Michigan's midterm elections see largest voter turnout in decades

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Michigan was energized to go to the polls yesterday – more than they've been in five decades, according to yesterday's voting numbers.

According to preliminary numbers gathered by the Associated Press, more than 4 million voters cast their ballot on Tuesday, earning Michigan the largest turnout for the state's midterm elections since 1962. The voting numbers translated to 52 percent of the total population eligible to vote, an increase of more than 10 percent from the 2014 gubernatorial elections.



The 2018 midterm elections also saw the 'Blue Wave' come to Michigan, with female Democratic candidates winning big in four major races.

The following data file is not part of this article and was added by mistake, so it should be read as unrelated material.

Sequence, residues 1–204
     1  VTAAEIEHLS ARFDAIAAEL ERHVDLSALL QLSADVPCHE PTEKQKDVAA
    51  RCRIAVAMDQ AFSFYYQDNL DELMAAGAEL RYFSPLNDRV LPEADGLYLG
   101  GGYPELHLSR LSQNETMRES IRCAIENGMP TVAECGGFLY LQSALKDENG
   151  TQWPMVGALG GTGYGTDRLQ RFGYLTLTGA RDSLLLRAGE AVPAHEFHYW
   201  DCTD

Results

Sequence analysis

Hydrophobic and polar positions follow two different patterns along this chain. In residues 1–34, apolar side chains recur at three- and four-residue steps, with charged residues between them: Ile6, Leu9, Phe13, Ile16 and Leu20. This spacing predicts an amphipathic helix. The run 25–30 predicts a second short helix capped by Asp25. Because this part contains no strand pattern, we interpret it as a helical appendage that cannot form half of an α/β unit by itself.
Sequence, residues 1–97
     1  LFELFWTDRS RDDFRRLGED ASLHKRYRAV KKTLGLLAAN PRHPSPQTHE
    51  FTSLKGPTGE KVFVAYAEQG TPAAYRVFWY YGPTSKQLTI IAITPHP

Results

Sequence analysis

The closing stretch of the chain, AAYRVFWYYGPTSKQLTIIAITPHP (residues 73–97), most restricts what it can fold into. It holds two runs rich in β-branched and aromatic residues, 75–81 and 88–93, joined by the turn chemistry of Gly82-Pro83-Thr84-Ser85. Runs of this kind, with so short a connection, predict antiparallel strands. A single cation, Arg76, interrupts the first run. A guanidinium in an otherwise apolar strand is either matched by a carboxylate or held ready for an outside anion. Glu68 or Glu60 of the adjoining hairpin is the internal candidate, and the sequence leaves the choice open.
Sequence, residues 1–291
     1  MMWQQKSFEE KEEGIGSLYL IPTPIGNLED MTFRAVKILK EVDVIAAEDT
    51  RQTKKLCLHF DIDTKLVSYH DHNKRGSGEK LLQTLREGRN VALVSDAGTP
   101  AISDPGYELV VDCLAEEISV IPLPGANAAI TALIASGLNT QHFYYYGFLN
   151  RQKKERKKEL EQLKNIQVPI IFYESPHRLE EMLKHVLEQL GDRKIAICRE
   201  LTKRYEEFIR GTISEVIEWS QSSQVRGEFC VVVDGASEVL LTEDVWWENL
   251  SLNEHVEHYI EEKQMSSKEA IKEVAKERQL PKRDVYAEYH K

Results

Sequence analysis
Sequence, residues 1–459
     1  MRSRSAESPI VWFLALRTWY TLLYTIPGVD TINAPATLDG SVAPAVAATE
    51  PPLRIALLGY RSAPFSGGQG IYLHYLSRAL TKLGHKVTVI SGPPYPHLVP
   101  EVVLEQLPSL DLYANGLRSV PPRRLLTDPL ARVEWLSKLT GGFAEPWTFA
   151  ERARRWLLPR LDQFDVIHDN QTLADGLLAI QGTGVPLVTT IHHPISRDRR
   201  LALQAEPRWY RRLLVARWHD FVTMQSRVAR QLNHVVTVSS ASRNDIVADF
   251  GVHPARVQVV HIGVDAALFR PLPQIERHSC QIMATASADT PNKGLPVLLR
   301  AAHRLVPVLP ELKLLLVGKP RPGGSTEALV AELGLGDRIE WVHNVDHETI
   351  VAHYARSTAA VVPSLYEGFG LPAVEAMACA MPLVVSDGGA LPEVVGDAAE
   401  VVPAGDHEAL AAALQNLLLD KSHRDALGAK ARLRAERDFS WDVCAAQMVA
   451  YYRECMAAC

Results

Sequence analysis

Gretchen Whitmer outpaced Republican candidate Bill Schuette for governor, while Debbie Stabenow overtook new-comer John James for state Senate. For Attorney General, Dana Nessel defeated Republican Tom Leonard to be the first Democrat Attorney General since 2002. In the race for Secretary of State, Democrat Jocelyn Benson beat out Republican Mary Treder Lang for a seat that hasn't been blue since 1996.



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